- A second Facebook investor wants Mark Zuckerberg out as chairman.
- Zuckerberg controls Facebook thanks to the way the company's stock is structured, meaning he has final say on the future direction of the company.
- That's frustrating for activist investors who watched the Cambridge Analytica scandal wipe $60 billion off the firm's market cap over the past few weeks.
- Now is a golden opportunity for those investors to gang up and call for Zuckerberg to step down.
Mark Zuckerberg's Congressional grilling last week was a reminder that he is still in total control of Facebook.
Thanks to the firm's stock structure, its public investors — even those with $1 billion (£70 million) holdings — don't have much say on the company's future.
Facebook has two classes of shares. Class A shares trade under the "FB" ticker on public markets and come with one vote per share. Class B shares are only available to insiders and have 10 votes per share.
Zuckerberg owns lots of Class B stock, and therefore has 60% of the voting power. He's also Facebook's chairman. In other words, if he wants something to happen at Facebook, it happens.
Now that Zuckerberg and Facebook are under closer political scrutiny over the Cambridge Analytica data scandal, Facebook's powerless activist investors have picked an opportune time to criticise the firm's structure.
Illinois' treasurer is the latest investor to call for Zuckerberg to step down as chairman.
"In essence Mr Zuckerberg is not accountable to anyone," Michael Frerichs told the Financial Times. "Not the board, nor the shareholders. Right now, Mr Zuckerberg is his own boss and it’s clearly not working."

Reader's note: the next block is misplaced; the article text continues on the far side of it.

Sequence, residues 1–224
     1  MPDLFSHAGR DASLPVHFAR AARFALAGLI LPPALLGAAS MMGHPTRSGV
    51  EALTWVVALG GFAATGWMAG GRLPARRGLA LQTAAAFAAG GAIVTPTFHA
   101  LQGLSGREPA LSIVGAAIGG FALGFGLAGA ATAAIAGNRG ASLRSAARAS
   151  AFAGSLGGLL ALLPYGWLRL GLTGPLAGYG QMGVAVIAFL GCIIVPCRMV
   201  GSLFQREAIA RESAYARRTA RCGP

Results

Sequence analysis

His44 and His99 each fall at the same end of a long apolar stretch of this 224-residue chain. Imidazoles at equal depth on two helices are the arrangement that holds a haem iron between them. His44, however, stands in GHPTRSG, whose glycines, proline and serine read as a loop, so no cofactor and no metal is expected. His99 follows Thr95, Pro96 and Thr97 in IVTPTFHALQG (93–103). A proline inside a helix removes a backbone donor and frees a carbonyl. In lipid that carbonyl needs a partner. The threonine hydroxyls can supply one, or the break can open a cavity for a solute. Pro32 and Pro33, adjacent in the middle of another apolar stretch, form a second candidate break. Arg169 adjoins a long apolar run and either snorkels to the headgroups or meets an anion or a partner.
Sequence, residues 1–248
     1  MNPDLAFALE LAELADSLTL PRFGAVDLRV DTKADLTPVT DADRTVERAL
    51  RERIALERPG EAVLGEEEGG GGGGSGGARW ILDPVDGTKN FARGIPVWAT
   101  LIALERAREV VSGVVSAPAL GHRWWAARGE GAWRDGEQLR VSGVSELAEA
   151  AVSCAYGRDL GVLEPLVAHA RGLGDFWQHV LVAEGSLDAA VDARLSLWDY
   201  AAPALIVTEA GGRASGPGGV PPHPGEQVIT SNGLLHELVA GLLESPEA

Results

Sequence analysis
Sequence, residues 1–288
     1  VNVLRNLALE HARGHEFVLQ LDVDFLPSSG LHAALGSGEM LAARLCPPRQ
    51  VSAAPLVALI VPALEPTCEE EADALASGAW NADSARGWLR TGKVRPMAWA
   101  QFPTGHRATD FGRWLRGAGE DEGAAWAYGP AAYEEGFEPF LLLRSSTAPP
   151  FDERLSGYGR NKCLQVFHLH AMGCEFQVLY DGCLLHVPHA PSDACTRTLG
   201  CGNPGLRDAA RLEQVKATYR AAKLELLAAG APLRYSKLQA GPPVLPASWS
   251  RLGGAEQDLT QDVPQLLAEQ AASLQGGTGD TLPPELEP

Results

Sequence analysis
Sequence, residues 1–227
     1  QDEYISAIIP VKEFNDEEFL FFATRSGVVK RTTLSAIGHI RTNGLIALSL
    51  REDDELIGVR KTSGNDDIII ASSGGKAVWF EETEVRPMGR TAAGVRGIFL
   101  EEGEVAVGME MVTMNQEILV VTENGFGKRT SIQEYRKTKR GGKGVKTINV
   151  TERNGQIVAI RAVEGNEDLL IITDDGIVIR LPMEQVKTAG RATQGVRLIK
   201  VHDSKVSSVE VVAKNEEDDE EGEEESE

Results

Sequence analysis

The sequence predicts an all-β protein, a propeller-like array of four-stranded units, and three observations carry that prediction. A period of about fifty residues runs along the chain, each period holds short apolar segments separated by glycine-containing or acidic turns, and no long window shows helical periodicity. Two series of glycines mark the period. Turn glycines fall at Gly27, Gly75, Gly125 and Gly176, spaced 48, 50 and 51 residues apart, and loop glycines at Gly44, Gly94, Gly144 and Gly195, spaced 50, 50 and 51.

Frerichs oversees college savings funds for Illinois citizens, and is known for using the investments to pressure companies to do good. His holdings in Facebook are not clear.
What is certain, however, is that he's backing a plan by New York Comptroller Scott Stringer, who called for Zuckerberg to step down as chairman earlier this month.
Stringer — who supervises funds with an almost $1 billion stake in Facebook — wants an independent chairman and the addition of three new board members, with expertise in ethics and data privacy.
His argument is simple: The revelation that Cambridge Analytica syphoned off millions of users' data wiped $60 billion off Facebook's market cap. Zuckerberg's control of Facebook makes the stock vulnerable whenever he makes a major misstep — and that has big repercussions for anxious shareholders who are pretty powerless to do anything.
Zuckerberg won't give up control easily, if at all. He told Vox earlier this month: "One of the things that I feel really lucky we have is this company structure where, at the end of the day, it’s a controlled company.
"We are not at the whims of short-term shareholders. We can really design these products and decisions with what is going to be in the best interest of the community over time."
- Facebook is backing away from the campaign to kill California's proposed privacy law — right after Zuckerberg was grilled about its data collection practices
- Mark Zuckerberg's 2nd day of congressional grilling over user data and Facebook bias didn't go quite as smoothly as his first
- Facebook has gotten so big that no one can understand it, and it could be a good reason to break it up